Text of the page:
Equality of Autonomy? Physician Aid in Dying and Supported Decision Making

01 Jan 2021

The legalization of physician aid in dying (“PAID”) has been spreading across the United States and is currently legal in ten jurisdictions. Meant to respect autonomy at the end of life, PAID legislation is modeled after the Oregon Death with Dignity Act, which permits only terminally ill adults with contemporaneous decisional capacity to choose to hasten death with PAID. Right-to-die advocates and legal scholars have critiqued the strict eligibility requirements, which although meant to function as safeguards against mistakes and abuse, can be autonomy thwarting. Advocates and scholars have thus proposed using advance directives for PAID to expand access to this end-of-life option. Such a reform would permit terminally ill persons with moderate dementia or other types of decisional impairments to access PAID.

To date, scholars have neglected another possibility for respecting autonomy at the end of life by expanding access to PAID for terminally ill persons with decisional impairments: supported decision-making. Supported decision-making legislation is also spreading across the United States as an alternative to guardianship and surrogate decision-making for persons with cognitive disabilities and is an option in nine jurisdictions. With this model of decision-making, a person with a cognitive disability receives decision-making assistance from supporters to facilitate the exercise of autonomy and retain legal capacity.

This Article is the first to address whether terminally ill persons with cognitive impairments should be able to access PAID through supported decision-making. If provided with decision-making support, terminally ill persons with cognitive impairments may be able to elect PAID intentionally, voluntarily, and with understanding; that is, despite their impairments, such persons may be capable of autonomous end-of-life decision-making. This Article thus argues that the principle of equality demands that the law not exclude terminally ill supported persons with decisional impairments from PAID. This Article also argues that supported decision-making is a superior means for terminally ill persons with decisional impairments to access this end-of-life option compared to advance directives, which have numerous and well-documented problems.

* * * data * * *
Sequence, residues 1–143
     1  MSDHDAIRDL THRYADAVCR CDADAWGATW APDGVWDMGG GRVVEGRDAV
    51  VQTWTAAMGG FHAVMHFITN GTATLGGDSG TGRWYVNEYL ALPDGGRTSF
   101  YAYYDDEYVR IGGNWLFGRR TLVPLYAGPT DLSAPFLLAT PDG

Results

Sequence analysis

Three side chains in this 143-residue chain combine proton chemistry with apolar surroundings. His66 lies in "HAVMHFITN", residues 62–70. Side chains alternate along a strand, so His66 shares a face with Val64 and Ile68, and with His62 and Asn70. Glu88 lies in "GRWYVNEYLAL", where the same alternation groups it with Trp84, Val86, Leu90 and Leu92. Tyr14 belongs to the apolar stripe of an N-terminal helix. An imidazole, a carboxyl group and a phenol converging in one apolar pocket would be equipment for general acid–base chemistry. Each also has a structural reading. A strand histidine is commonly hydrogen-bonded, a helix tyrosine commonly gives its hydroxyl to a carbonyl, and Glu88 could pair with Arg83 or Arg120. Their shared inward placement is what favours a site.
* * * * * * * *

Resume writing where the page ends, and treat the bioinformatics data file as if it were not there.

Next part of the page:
This Article also considers how PAID and supported decision-making laws interact in the one jurisdiction that currently has both laws, the District of Columbia, and concludes that it may be permissible for a terminally ill person with a decisional impairment, which would otherwise preclude them from accessing PAID, to elect this end-of-life option with assistance from a supporter. The Article ends with considerations for policymakers about building additional safeguards into these laws to ensure that persons with cognitive disabilities do not mistakenly, without understanding, or after the application of undue pressure hasten death through PAID.